Can three-dimensional printing enable the mass customization of electronic devices? A study that exploits this method to create light-emitting diodes based on 'quantum dots' provides a step towards this goal.
The ability to rapidly print three-dimensional (3D) electronic devices would enable myriad applications, including displays, solid-state lighting, wearable electronics and biomedical devices with embedded circuitry. Writing in Nano Letters, Kong et al.1 report an intriguing route to this goal by creating fully 3D-printed light-emitting diodes (LEDs) based on quantum dots. Quantum dots are semiconducting nanocrystals that exhibit tunable colour emission2,3,4. Using a 3D-printing method based on extruding multiple materials, the researchers patterned quantum-dot-based LEDs (QD-LEDs) on curved surfaces and integrated arrays of the diodes in 3D matrices.
3D printers transform the output files from computer-aided design tools into tangible objects using pattern-generating devices that move along multiple directions in space4. These devices can be light sources that harden resins or fuse powders, or nozzles that directly deposit materials. Since their introduction nearly three decades ago, 3D-printing methods have been used to build myriad objects, primarily prototypes, in a sequential, layer-by-layer fashion.
To create 3D objects of arbitrary form and specific function, a broad palette of materials and multi-material printing platforms are required. One promising approach is 3D extrusion printing5, in which functional inks are deposited through fine cylindrical nozzles under an applied pressure at ambient conditions. Unlike 3D printers that use inkjet print heads, which are suitable only for inks with a narrow range of viscosities (about ten times that of pure water), extrusion-based printing enables materials of widely varying composition and viscosity to be patterned6.
QD-LEDs are multilayer devices built around an active (light-emitting) layer composed of quantum dots4. Multiple QD-LED layer architectures have been explored with the aim of optimizing their external quantum efficiency, that is, the ratio of the number of photons emitted by the QD-LED relative to the number of electrons injected into the device when an electric field is applied between the device's outer metallic electrodes (cathode and anode layers). In the typical embodiment of a QD-LED, the active layer is sandwiched between layers of electron- and hole-transporting materials, where holes are positively charged carriers. The applied electric field causes electrons and holes to move into the active layer, where they recombine to emit photons.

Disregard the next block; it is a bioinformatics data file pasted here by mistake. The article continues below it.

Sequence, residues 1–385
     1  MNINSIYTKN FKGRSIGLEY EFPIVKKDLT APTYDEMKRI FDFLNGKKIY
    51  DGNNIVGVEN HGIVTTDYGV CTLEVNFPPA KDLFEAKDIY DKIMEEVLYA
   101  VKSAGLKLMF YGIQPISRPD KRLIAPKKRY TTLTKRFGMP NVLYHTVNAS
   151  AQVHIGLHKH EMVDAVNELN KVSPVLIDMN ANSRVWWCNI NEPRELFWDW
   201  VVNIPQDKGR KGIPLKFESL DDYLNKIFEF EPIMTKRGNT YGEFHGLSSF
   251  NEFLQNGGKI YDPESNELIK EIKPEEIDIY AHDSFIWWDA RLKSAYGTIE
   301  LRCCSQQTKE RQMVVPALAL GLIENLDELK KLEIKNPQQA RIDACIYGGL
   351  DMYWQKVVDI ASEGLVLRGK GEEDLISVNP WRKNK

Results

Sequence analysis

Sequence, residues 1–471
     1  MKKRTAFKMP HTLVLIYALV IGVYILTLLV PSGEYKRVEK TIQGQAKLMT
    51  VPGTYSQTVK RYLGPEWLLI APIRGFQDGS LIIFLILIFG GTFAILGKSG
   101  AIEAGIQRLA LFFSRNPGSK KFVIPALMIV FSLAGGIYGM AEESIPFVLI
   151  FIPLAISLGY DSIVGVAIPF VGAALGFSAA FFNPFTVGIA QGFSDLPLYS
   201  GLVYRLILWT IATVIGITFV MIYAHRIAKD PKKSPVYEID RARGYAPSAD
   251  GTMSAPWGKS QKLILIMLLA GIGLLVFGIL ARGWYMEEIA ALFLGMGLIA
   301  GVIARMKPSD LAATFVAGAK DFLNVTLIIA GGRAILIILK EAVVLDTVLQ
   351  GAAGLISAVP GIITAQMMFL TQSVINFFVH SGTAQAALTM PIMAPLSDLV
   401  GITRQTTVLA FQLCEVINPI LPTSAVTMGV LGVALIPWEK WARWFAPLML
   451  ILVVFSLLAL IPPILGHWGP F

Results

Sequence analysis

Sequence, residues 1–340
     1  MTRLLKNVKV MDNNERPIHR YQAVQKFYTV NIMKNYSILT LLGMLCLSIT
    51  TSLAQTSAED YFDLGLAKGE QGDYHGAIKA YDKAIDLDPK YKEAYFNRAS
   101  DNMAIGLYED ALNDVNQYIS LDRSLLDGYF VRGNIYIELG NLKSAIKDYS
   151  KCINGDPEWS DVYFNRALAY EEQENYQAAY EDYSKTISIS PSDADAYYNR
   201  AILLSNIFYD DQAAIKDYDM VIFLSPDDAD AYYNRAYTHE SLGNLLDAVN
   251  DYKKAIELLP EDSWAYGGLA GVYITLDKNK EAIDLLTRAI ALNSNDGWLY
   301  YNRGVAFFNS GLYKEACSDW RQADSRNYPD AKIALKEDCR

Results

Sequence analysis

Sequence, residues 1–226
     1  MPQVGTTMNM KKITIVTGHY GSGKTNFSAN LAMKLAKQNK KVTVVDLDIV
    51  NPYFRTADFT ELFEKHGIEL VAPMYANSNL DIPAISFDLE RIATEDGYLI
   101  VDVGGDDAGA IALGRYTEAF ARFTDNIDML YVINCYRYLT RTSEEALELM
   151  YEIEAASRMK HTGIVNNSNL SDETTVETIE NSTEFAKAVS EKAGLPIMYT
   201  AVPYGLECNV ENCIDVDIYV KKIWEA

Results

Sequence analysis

Solution-based processing routes have recently emerged for patterning QD-LEDs with the aim of lowering fabrication costs7,8. Central to this approach is the ability to maintain highly uniform layers between dissimilar materials. To create their QD-LED devices, Kong and colleagues sequentially printed several materials (Fig. 1). First, a conductive silver ring that surrounds a transparent anode layer followed by a hole-transport layer were printed, and annealed at 200 °C (silver ring) and 150 °C (other layers). Next, the active layer was formed by printing quantum dots suspended in a solvent mixture in a drop-wise manner.As solvent evaporation ensued, recirculating fluid flow suppressed quantum-dot migration to the drop edge, yielding relatively uniform, active layers9. Notably, each layer was patterned using immiscible solvents to minimize interlayer mixing. Finally, a cathode layer composed of liquid metal was printed10 and the devices were packaged in a silicone sealant.